ESPN reporter explains what it's like to ask questions to XFL players and coaches during the game

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Monday, February 27, 2023
ESPN reporter gives fans all access pass to XFL players during a game
The XFL is back, and so are the unique views it gives football fans and we're not talking about camera angles but what TV crews can do.

HOUSTON, Texas (KTRK) -- A week after its return, fans and reporters enjoy the unique access the XFL provides.

The video above is from a previous report.

The XFL is back, and so are the unique views it can give football fans. We're not talking about camera angles, but what TV crews can do.

"For me, it's been a blast to be in a place where you're not normally allowed to be during a game," ESPN reporter Tiffany Blackmon explained.

Blackmon roamed the sidelines of Sunday's Houston Roughnecks game. In other football leagues, she can report on what she sees.

In the XFL, she has the ability to walk to a coach or player and ask them questions during the game. "The biggest thing is we can bring the fans an instant answer," Blackmon explained. "Why did the coach make this play? What was going through a player's mind when he ran for 50 yards? That's like the coolest thing about it."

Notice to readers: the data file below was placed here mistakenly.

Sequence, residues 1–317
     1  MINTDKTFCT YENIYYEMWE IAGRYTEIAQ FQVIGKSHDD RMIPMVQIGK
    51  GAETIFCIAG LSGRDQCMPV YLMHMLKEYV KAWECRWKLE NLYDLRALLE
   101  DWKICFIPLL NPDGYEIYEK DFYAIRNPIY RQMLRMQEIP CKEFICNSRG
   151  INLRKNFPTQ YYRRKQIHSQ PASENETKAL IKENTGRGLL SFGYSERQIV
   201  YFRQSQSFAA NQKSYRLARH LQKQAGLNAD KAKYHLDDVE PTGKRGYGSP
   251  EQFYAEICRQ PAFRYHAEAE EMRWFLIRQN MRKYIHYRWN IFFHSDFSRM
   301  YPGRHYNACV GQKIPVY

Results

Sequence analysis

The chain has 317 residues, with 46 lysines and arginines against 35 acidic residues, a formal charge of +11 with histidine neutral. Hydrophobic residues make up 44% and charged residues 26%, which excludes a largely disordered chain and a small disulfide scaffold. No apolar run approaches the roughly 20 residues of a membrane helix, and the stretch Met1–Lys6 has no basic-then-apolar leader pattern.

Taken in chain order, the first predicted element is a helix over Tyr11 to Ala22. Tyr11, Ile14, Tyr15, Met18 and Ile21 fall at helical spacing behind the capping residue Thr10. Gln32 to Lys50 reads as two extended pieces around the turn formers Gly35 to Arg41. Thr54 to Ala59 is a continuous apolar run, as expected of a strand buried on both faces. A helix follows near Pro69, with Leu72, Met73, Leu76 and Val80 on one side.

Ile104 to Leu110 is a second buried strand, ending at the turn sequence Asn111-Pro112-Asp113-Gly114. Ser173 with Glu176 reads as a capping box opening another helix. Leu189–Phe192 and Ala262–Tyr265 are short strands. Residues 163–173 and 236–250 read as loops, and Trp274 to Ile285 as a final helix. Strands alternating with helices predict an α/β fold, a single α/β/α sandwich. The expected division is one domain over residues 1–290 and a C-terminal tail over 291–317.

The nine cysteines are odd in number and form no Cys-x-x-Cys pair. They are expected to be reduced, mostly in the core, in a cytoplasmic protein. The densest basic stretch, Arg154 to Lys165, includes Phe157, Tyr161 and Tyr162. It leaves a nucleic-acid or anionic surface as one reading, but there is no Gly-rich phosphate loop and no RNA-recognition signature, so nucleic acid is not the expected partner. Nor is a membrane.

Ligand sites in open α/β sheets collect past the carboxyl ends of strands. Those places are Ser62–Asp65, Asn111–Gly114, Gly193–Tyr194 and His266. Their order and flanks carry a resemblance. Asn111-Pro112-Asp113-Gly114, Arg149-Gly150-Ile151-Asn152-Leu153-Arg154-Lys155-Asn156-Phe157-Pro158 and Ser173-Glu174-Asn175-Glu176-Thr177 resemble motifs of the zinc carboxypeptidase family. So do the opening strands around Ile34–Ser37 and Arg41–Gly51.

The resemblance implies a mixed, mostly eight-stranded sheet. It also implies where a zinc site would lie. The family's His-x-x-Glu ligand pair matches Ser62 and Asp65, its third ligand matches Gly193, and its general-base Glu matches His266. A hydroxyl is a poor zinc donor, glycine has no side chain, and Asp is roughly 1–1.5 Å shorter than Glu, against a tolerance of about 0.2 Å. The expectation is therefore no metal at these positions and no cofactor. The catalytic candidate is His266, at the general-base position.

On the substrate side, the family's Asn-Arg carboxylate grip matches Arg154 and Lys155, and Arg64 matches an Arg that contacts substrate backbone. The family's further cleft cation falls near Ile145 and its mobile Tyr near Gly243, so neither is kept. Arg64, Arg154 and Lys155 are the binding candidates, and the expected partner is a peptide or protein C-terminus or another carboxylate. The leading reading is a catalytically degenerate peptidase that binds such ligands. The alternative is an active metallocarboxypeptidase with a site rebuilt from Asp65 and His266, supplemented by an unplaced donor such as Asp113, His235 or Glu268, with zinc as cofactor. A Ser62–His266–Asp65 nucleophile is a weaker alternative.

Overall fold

It's not only the good, but the bad. Reporters ask questions after players make a mistake. "It can feel awkward, but you get in, and you get out, and you just try to get the answers that maybe everybody back home is trying to look for," Blackmon said.

How are they different from the fans? The league also gives access to the replay booth.

"A lot of times we as fans see a call one way, and we're almost positive we're right," Roughnecks fan Debbie Kerschen said. "Then, when we get the call, it's the opposite of what we think. At least with the way the XFL is doing it, we kind of see what they're looking at, and it's better to understand what they're seeing versus what we didn't see originally."

A return three years in the making, but one that was worth the wait for some fans and crew.

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"We love that too," Roughnecks fan Joey Crispin said. "When the players have a microphone in their hand. They're actually talking to their coaches about things. I think everybody really likes that."

"This is a lot different, but like in a good way," Blackmon explained. "Again, I go back to that word 'access.' It's just so unique and cool to be able to be in the bench area, talk to guys, see their reaction instantly off their faces or talk to them about what happened on a specific play."

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